Clancy seems to have a finger on the international pulse between Washington, the clandestine services and our enemies abroad. I have to remind myself that this is fiction and it of course is, but either Clancy's imagination is just incredibly fertile or he has sources in key place that give him classified insights into the goings on around the world. I suspect its both. Regardless, he continues to give us a rocking good story with favorite old characters and new ones within the context of a plausible story line minus a few superhuman demonstrations....but after all it is fiction.
Lou Diamond Phillips is the perfect reader and never misses the tone or the story and it's characters. He does "Russian", "English", and a variety other voices like.... a really accomplished actor.
I don't believe this is, as one reviewer suggested, an almost perfect novel. When edits so scour an ending as if the publisher just said "enough already", the reader is left with an unfinished and undigested meal. It does however imitate other "great" contemporary literary talent whose affinity for abrupt and blunt endings, is an art form
Meyer is a gifted writer with perceptibly detailed research and character development. Yet, the hackneyed themes of America's (and the human race's) inglorious past, as if it is the only one we have, despairing lives, as if hope, possibility and redemption are literary evils, Nietzschean tragedy, as if futility and the willful directionless of the strong willed are the only ones who "inherit the earth" become so predictable as to be laughable, were the stories not so depressing.
It's almost seems as if Meyer writes for a narrow audience of peers whose validation he will, I have no doubt, receive. I, for one, find these kinds of novels...a waste of talent and thus my time. As always, Will Patton is excellent, as are his fellow readers.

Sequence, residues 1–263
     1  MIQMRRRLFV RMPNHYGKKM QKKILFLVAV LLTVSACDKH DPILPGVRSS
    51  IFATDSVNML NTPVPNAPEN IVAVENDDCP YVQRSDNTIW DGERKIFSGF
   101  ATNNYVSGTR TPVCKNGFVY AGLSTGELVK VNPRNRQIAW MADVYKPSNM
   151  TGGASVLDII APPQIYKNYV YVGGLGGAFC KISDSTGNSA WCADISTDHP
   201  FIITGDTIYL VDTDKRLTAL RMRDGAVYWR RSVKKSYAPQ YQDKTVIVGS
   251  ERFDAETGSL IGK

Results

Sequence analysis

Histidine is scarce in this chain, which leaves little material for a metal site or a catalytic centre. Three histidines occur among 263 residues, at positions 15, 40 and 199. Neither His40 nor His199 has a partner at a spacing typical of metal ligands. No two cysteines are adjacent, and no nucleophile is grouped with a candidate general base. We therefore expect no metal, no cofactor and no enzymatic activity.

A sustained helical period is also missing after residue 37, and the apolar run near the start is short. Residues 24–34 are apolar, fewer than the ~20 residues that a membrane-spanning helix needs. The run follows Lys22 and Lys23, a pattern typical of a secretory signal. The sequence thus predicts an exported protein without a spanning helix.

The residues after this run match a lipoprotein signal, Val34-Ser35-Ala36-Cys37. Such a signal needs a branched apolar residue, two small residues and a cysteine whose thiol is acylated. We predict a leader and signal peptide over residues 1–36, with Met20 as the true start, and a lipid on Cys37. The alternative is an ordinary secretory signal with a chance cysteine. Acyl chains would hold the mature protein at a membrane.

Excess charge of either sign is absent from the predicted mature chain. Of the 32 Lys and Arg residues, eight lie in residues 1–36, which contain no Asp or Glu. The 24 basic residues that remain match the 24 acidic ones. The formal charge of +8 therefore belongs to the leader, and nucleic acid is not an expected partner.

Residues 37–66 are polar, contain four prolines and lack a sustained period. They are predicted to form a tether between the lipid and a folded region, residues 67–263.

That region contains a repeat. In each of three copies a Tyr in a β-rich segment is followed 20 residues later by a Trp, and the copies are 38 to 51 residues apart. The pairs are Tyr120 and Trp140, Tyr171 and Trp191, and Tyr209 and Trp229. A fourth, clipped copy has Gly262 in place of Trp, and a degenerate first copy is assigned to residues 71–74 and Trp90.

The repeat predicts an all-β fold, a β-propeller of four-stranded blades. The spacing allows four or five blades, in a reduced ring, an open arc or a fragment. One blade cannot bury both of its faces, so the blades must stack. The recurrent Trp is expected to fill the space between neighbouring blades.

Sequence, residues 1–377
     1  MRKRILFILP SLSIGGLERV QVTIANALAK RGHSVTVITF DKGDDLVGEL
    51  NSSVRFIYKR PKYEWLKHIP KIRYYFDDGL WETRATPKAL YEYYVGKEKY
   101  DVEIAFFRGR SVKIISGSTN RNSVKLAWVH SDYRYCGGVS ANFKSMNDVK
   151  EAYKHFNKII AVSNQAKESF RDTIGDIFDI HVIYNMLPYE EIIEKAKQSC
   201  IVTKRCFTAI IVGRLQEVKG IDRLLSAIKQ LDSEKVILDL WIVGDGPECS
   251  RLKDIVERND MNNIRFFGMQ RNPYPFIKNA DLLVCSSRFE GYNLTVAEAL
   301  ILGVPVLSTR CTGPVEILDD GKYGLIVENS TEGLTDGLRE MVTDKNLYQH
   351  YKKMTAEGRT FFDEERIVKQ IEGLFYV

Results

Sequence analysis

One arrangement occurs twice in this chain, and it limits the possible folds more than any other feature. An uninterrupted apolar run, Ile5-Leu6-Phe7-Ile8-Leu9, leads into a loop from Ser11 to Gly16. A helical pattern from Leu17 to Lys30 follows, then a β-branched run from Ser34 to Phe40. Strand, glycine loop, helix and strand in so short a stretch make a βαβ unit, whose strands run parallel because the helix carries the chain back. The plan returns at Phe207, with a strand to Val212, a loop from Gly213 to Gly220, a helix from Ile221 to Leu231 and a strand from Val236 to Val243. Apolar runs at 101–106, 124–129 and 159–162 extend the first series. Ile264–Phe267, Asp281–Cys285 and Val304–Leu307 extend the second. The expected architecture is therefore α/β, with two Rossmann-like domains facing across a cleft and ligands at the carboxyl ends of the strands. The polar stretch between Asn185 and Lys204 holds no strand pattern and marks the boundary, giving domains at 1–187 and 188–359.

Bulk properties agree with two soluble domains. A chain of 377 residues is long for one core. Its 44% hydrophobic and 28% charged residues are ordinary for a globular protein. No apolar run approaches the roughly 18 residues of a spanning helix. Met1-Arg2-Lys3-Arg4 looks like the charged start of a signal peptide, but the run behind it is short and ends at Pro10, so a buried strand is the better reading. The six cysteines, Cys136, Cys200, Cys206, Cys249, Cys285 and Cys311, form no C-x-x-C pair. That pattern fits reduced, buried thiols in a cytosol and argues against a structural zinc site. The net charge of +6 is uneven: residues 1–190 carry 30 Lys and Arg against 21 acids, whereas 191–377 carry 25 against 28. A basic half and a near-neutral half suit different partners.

Few books have the interest holding capacity to warn future generations about that which has happened in the past as something that could again happen in the future without sounding apocryphal, banal and gloomy. As horrifying as Hitler's insidious reign was, more horrifying was the ease at which he was able to gain ascendancy within arguably one of the most literate and sophisticated cultures of Western Civilization:1920-1930 Germany. After reading this book, it put the tired political slogan "it's the economy stupid" in new light. Granted we do vote our pocketbooks, but we must never forget that is exactly what the German's of the 1930's did as well. When the primary desire of elections reflect purely economic security and stability, we then could fall into the same trap as the Germans a few generations ago. We could sacrifice all our liberty for a piece of bread. The indictment against the culture then was that they were willing to forego in an almost absentmindedness the learning, philosophy, culture and freedom earn by previous generations, for a short-lived and eventual economic mirage of stability and industry. The warning to us is that we must love liberty, freedom and be willing to pay the price for those precious virtues for ourselves and others or we risk becoming civilized, prosperous slaves, ultimately becoming inhumanly insensitive and numb to those deemed less desirable. What essentially is so poignant and frightening about Shires book is not about how evil the the Third Reich was--as true as that was-- but how "normal" the Germans that Hitler led were and in that normality could descend into cultural madness.
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